Being able to keep tabs on your campaign in real time gives you the ability to change course. Start by checking on your campaign data each day and learning more about what the results are telling you. You’ll start to see what data and details you can extrapolate to achieve better results for future campaigns, and can determine which media type is the best for each type of message.
Familiarizing yourself with the data points and analytics reports before you launch the campaign will help you to become more efficient, so take five minutes today and start looking at one aspect of one of your analytics dashboards. Put in the time now to reap the rewards later.
4. Timeline, Owners, and Budget
This may seem to be common sense, but in big or busy teams, the details of who is doing what can get lost. Each component of your campaign has separate sub-steps that should be assigned out before the campaign takes place. Who will be responsible for writing and editing content? Who will be designing the content? Who will create invitation lists for events, and who will send the invite to the designated recipients? Break down your larger campaign goals and elements into the individual tasks, and assign them to individuals involved in the campaign.
Before you launch the campaign, you should also prepare a budget. This will help you stay on track and know how much you can spend while projecting a reasonable ROI. This should include the number of prospects you expect to reach while factoring in the customer acquisition cost.
5. Valuable Content
While your plan might not be centered around content marketing as a whole, each element you incorporate will require content. From a well-written, enticing press release that attracts the attention of your local newspaper to an in-depth white paper that shows customers the value of your product or teaches them how to perform a specific task, the content you present will be the key to reaching your customers.
- Write content that is compelling and engaging. It should catch the attention of your readers and draw them in, encouraging them to take the next step toward becoming a customer.
- Give your audience members clear calls to action, letting them know exactly what you want them to do. Provide links to get to the next step, with a clickable link, a bold button, or something that is easy to share.
- Consider using infographics to present extensive amounts of information. Visualized articles are great for long pieces of writing while useful bate is something that is highly shared. Visual content as a whole is an area to watch in 2017, so incorporating these strategies now can set you apart.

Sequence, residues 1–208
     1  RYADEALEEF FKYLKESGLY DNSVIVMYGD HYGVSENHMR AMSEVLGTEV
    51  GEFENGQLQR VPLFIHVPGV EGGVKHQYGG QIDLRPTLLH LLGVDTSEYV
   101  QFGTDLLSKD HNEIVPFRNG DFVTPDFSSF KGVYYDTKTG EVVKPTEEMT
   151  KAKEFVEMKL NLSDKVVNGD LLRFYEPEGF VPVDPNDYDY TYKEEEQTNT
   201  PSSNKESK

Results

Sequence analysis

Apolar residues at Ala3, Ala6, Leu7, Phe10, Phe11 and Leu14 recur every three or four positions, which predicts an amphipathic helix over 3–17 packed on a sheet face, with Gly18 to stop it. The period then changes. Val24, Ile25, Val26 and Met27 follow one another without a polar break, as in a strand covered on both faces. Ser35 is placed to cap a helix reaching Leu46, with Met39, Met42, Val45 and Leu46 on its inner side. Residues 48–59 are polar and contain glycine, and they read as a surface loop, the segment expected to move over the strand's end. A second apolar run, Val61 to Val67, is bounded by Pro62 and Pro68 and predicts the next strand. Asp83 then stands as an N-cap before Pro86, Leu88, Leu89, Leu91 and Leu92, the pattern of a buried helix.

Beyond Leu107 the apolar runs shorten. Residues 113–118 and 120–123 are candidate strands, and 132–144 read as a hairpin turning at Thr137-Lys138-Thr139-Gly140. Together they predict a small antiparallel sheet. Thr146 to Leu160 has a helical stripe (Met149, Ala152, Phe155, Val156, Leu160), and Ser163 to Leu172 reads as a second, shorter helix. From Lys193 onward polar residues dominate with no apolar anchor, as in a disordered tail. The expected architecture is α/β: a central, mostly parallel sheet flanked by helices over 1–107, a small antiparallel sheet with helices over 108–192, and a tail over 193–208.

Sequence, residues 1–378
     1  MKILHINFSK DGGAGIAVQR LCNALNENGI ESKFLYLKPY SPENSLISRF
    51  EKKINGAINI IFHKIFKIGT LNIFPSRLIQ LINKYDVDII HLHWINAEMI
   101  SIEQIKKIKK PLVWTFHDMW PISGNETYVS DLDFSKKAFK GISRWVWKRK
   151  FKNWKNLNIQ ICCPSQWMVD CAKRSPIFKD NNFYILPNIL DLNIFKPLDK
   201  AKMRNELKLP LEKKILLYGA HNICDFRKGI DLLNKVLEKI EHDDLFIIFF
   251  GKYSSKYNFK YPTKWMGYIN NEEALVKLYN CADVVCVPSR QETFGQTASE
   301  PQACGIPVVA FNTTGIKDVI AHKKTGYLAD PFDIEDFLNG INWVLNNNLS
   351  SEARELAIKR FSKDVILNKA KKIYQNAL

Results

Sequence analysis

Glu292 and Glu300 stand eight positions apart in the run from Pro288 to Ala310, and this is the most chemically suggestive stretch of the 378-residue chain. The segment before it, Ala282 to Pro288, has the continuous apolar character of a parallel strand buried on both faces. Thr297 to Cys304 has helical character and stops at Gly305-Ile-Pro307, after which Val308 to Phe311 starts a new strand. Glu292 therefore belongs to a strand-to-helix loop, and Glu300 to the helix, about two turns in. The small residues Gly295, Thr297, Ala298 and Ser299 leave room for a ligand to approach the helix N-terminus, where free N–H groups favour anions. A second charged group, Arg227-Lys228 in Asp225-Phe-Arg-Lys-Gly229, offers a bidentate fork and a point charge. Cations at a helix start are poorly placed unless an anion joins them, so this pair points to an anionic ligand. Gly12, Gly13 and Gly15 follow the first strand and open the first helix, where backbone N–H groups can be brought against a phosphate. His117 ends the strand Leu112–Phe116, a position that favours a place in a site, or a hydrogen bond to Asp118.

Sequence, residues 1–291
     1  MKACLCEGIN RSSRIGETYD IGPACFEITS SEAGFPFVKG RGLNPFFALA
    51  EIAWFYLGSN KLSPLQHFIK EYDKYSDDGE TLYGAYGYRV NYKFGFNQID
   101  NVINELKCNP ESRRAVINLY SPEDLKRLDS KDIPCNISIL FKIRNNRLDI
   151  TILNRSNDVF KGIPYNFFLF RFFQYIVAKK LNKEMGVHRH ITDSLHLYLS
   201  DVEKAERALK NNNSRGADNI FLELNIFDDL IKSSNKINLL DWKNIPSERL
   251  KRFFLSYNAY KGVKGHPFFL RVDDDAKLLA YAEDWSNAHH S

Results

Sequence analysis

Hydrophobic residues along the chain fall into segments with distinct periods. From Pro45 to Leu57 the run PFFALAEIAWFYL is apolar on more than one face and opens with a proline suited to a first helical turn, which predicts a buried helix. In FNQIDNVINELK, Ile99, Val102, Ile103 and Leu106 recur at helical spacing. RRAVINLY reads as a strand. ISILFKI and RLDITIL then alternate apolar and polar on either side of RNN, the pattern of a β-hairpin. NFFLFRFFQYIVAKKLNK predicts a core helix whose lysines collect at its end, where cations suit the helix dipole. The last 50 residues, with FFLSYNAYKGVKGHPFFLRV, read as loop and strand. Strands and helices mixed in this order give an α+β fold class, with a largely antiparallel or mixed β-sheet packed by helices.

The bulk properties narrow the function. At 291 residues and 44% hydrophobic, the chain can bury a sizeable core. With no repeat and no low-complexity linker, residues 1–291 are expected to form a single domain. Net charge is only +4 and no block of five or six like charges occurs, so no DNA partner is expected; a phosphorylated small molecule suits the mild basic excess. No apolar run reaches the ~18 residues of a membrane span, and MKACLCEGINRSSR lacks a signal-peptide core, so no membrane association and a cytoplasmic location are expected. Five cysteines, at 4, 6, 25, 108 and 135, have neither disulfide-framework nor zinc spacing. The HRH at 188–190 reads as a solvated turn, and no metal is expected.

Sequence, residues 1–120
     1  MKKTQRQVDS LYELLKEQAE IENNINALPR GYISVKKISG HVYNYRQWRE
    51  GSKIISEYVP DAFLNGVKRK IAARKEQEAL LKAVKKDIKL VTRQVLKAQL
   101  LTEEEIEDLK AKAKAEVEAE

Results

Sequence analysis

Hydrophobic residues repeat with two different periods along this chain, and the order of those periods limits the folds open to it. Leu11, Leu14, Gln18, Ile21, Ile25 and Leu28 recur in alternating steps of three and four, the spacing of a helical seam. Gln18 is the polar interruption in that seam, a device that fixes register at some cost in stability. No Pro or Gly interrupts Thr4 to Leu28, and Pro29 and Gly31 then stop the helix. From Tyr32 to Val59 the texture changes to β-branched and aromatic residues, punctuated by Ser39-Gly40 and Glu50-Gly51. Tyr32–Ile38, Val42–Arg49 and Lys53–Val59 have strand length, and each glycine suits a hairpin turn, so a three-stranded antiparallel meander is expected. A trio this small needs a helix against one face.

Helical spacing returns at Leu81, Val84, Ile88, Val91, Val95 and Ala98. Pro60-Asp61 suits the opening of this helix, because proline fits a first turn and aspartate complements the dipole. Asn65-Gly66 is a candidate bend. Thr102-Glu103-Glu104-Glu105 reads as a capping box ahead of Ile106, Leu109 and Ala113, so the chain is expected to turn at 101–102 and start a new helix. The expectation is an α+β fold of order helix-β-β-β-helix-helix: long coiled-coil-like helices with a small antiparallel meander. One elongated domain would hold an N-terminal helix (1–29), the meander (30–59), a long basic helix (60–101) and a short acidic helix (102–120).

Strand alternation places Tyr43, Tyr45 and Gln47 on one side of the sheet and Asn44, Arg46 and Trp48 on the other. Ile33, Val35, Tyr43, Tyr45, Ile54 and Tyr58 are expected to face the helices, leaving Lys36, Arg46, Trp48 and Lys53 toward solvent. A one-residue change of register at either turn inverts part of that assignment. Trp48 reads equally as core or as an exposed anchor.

6. Review and Analysis
Your marketing plan should always include a time to review and analyze the results of each campaign. This will help you get a better picture of what worked in your last campaign. Once you know the successful elements and the pieces that didn’t meet your goals, you can tweak your future campaigns. Each time, you’ll learn more about your audience, your product or service, and your strengths and weaknesses. Over time, you’ll develop a strong plan with effective key marketing elements and proven results.
Putting together a successful marketing plan involves more than successful campaigns. It requires thoughtful, well-prepared strategic methods that involve key marketing elements. Doing your homework and research, preparing yourself for success by putting together different messages, and assigning your tasks before the campaign launches will give you the framework for an effective campaign and overall marketing plan. Once the campaign has launched, staying on top of producing quality content, watching the numbers and reports throughout the campaign, and taking the time to review your results will prepare you for the future.
Do you agree with these key marketing elements? What would you include as a must-have for a successful marketing plan? I’d love to hear your top tools in the comments below.
If you’re looking for practical, real-life ways to incorporate these six key marketing elements into your company’s big picture, we can help. Contact us today for a free consultation.